NASA's Pluto mission is already surprising scientists

NASA’s New Horizons spacecraft made its closest approach to Pluto Tuesday morning, and even though we’ve only seen a small trickle of data so far, the findings are already surprising scientists.

A group of New Horizons scientists took to Reddit on July 14 to answer questions about the Pluto flyby, and it quickly became clear that the preliminary data holds some curiosities.

For starters, we didn’t know Pluto had craters until today.

“We didn’t really start seeing craters until the image released today — the pictures simply weren’t sharp enough till now,” Curt Niebur, a NASA program scientist, wrote on Reddit. “The images that come down later this week will be better for crater counting, and then we can compare to other planets.”

We’ve also learned more about Pluto’s very thin atmosphere — it’s even thinner than we thought, about 700 times thinner than Earth’s. The New Horizons atmospheric data ruled out some scientists’ theories it could be thicker:

“Also, we have gotten great pictures back, and we have also gotten tons of info about the plasma and particle and dust environment around Pluto — AND great info about the atmosphere — already constraining a lot of our theories,” Kelsi Singer, a post-doc student on the New Horizons team, wrote.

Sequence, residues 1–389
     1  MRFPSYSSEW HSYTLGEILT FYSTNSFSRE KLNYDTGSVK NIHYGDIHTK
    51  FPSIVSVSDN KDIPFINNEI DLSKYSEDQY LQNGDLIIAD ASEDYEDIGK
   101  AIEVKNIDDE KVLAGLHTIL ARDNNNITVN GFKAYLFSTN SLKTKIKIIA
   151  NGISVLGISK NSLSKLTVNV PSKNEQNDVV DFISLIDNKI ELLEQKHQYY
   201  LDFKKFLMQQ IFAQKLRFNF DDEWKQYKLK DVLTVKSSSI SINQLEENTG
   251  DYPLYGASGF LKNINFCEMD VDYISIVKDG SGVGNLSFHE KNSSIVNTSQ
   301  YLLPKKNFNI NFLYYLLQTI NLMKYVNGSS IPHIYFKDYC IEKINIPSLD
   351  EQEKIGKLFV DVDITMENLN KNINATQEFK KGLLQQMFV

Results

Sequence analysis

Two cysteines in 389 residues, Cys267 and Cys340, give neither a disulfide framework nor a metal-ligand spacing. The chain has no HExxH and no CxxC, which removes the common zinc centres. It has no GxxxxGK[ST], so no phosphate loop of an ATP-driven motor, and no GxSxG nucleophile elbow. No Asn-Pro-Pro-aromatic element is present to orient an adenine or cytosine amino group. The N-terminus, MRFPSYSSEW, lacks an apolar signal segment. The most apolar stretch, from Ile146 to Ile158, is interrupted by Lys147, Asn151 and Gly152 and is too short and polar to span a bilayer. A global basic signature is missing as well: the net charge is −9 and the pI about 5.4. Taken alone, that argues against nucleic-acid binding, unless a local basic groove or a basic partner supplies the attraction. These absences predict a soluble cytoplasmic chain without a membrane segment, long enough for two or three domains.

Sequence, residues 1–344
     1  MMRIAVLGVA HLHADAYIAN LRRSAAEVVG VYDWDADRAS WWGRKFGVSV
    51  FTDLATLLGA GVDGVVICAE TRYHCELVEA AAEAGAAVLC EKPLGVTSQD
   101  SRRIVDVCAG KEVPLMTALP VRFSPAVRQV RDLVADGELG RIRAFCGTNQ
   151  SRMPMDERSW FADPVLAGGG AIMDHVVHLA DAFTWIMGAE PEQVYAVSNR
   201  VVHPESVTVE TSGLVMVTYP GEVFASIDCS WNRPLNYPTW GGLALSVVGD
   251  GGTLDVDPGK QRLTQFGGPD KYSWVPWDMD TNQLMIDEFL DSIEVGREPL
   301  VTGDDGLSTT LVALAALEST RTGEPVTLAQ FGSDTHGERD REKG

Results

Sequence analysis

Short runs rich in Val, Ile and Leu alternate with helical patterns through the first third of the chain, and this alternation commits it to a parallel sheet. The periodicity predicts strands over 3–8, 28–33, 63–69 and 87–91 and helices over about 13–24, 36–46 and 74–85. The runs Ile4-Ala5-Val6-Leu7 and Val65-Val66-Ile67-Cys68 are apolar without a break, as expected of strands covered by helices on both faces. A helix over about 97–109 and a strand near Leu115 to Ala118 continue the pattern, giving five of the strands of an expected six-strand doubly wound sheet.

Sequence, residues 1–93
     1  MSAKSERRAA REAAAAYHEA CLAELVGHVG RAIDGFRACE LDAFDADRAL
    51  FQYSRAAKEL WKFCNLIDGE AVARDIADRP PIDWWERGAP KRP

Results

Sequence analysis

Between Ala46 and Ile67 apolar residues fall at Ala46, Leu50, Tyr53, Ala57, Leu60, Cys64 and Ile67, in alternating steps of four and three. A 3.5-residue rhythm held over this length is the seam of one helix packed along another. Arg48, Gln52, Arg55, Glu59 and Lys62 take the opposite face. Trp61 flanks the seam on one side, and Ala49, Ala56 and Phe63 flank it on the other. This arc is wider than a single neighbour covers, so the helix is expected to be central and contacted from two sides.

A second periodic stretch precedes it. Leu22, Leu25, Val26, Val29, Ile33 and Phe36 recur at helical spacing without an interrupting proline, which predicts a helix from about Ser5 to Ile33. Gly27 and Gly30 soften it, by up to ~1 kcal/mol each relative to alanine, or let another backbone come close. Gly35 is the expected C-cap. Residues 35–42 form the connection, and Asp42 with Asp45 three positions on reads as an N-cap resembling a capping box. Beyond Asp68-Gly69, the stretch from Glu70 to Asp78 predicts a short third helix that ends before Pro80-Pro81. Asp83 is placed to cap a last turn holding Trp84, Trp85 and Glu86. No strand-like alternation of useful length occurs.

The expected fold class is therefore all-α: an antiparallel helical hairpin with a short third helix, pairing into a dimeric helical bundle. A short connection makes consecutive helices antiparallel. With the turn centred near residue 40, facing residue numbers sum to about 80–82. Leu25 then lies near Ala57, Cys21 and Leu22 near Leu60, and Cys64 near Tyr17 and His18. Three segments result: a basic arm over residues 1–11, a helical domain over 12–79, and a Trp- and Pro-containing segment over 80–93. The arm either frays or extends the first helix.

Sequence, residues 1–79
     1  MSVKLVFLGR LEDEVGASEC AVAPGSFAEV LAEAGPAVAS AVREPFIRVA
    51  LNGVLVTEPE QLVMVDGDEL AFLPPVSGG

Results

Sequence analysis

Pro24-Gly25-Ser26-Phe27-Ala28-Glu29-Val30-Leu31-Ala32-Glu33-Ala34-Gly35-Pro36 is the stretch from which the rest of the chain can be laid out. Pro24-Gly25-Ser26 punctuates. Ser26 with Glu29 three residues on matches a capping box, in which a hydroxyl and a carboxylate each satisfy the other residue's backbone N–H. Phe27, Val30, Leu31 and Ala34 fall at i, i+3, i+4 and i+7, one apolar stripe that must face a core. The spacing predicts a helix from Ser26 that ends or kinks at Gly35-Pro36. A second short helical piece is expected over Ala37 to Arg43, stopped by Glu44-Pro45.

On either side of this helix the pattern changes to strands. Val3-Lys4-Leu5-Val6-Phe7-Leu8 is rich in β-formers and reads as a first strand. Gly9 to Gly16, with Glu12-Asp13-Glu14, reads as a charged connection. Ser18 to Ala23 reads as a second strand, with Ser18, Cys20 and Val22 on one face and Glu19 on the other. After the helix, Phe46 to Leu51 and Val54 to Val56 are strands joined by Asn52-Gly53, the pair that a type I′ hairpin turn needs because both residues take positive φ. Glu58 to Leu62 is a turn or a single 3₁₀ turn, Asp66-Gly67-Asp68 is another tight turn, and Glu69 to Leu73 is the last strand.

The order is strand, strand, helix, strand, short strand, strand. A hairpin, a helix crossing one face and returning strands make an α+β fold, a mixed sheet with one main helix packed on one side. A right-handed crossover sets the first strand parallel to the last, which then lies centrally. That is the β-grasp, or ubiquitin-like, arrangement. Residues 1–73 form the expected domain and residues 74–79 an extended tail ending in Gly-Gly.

Scientists are also surprised by what they have not found.

“I think most people thought we would find at least one small moon — so far no new moons…!!” Singer wrote on Reddit.

But the team discovered that a Pluto moon that we already knew about — Charon — has a very dark pole. Amanda Zangari, a post-doc researcher on the New Horizons team, said scientists expected Charon’s surface to be pretty uniform and featureless.

And Charon isn’t the only moon that’s not living up to expectations. Nix and Hydra are much smaller than expected, Pluto geologist John Spencer said during a scientific panel discussing the results that we have so far.

New Horizon’s Principle Investigator Alan Stern is famous for not making predictions. But Zangari says he has an envelope from 2006 full of Pluto predictions that he’s going to open soon. It will be exciting to see how well (or not well) those predictions line up with the data.

“We’ve found that even experts can’t predict everything perfectly,” Zangari said.

We’re going to be learning more and more about Pluto and its moon as New Horizons continues to send back more data over the next 16 months.

NOW WATCH: Bill Nye and NASA scientists react to seeing a clear picture of Pluto for the first time

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